I will surely try to get into the beta, and if that isn't possible buy and play Star Wars: The Old Republic, on the chance that it will really become the next big thing and will actually be fun. But I'm not holding my breath here. What I've seen up to now doesn't look too promising. Polished, yes, and polish is good. But I'm doubtful about how fun the whole cut-scene based story-telling "pillar" is. Given that nobody reads quest texts, I'm not sure people want to watch long explanations before being sent off to kill 10 womp rats. So I wish EA Bioware the best of luck, and them *selling* 1 million boxes is actually pretty likely, but I'm not so sure those million players will still be there after 6 months. Would be nice if I were wrong.
Comments:
"I'm not sure people want to watch long explanations before being sent off to kill 10 womp rats."

I sure don't. I'll buy the game and I'm hoping it's awesome, but if I can't skip the cut scenes... I won't stay subscribed
 
I tried reading Quest Text "in character". Makes it more fun.

Since SW:ToR is all voiced, it shouldn't be a problem (or much of one).
 
Mass Effect 2 sold over 572,000 units in 6 days after its release, and 246,500 in February.

That's over 818,500 units in about 35 days. That's near 1 million units in one month.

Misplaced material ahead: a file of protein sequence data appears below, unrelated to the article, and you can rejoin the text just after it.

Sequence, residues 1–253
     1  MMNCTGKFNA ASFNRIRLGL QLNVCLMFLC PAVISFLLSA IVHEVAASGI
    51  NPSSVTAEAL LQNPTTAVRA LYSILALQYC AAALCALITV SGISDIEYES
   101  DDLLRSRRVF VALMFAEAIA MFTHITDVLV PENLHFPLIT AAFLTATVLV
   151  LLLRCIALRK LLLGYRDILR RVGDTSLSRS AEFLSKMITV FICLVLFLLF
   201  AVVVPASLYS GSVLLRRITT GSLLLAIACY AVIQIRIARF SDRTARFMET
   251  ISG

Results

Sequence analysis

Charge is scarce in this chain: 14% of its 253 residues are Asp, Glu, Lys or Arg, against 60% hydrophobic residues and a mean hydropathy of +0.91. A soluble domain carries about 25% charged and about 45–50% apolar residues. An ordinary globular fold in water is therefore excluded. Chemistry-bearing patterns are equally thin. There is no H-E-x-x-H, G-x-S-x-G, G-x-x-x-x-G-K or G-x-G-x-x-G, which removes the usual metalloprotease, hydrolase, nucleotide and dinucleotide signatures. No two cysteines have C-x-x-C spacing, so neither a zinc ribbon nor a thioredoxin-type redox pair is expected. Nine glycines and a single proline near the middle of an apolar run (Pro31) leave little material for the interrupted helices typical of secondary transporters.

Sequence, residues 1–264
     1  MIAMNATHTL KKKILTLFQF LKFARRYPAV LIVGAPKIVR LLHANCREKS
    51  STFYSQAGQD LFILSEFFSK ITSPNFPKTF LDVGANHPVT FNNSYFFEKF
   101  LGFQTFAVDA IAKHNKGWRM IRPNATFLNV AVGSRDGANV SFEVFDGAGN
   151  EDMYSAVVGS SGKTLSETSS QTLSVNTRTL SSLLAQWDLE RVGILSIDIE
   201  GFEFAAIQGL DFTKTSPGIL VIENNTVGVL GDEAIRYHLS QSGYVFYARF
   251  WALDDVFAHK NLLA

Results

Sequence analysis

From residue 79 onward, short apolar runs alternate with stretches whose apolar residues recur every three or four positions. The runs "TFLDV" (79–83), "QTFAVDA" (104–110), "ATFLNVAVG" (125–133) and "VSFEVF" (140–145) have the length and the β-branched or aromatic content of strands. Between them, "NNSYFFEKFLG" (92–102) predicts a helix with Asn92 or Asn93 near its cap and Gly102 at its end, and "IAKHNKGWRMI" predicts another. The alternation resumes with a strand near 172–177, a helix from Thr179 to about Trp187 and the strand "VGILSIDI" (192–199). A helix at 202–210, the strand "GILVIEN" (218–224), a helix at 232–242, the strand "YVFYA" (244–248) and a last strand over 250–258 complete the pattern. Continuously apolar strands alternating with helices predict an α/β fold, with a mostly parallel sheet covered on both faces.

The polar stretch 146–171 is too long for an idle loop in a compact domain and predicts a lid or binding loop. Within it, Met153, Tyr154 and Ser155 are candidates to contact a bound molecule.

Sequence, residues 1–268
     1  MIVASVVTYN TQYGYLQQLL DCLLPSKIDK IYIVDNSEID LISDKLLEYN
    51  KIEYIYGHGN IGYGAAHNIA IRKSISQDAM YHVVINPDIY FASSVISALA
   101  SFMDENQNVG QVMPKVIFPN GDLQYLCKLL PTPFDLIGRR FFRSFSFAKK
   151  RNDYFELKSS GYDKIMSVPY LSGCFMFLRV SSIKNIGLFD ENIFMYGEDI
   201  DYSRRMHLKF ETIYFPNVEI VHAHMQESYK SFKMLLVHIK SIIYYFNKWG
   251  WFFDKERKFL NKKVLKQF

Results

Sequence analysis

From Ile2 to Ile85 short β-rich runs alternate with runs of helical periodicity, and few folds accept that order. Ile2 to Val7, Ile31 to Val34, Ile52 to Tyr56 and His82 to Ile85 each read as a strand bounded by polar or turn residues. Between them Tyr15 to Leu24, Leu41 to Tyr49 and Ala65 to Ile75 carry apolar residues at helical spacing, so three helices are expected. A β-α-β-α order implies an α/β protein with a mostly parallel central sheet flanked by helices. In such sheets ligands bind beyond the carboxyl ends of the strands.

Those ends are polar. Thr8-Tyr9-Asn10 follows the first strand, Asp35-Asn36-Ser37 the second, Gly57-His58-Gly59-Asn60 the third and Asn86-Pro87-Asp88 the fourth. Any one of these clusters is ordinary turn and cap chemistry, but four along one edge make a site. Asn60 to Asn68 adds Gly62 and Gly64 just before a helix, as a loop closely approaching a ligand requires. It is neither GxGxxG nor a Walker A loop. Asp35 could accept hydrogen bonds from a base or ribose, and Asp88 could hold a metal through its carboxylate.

I'm just saying....
 
If the quests are more focused around one story line.. maybe it could work with good voice acting.

Otherwise: WoW did open the market. To say that it had no effect is certainly wrong. But I agree that not all '11 mio' players are always looking for other MMOs.

Besides: How any of the millions of farmville players play on a regular basis? And how many do actually pay?
 
It seems to me that the long quest texts will be fun the first time you encounter them, as they'll help place you in the world. The third or fourth time, they'll probably just be irritating.

To me, this suggests a game with deliberately low replay value (by the standards of MMOs anyway). Finish TOR in a year, quit.

That means they'll need >650K players to break even (including box sales revenue), which seems perfectly feasible.
 
Mass Effect 2 sold over 572,000 units in 6 days after its release, and 246,500 in February.

And how many people are still PLAYING Mass Effect 2 in April? I already said that I don't doubt they will sell a million copies, but keeping subscribers is a different kettle of fish.

How any of the millions of farmville players play on a regular basis? And how many do actually pay?

According to Zyngia, 3% to 5% of players pay for their games, the other 95+% play for free.